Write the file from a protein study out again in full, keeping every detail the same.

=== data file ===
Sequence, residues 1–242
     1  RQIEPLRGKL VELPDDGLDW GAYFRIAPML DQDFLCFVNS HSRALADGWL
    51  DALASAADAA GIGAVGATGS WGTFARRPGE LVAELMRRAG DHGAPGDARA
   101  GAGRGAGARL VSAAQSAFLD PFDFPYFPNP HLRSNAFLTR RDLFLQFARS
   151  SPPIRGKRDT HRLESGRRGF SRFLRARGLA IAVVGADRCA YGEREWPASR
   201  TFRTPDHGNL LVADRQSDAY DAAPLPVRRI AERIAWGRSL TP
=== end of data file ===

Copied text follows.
Sequence, residues 1–242
     1  RQIEPLRGKL VELPDDGLDW GAYFRIAPML DQDFLCFVNS HSRALADGWL
    51  DALASAADAA GIGAVGATGS WGTFARRPGE LVAELMRRAG DHGAPGDARA
   101  GAGRGAGARL VSAAQSAFLD PFDFPYFPNP HLRSNAFLTR RDLFLQFARS
   151  SPPIRGKRDT HRLESGRRGF SRFLRARGLA IAVVGADRCA YGEREWPASR
   201  TFRTPDHGNL LVADRQSDAY DAAPLPVRRI AERIAWGRSL TP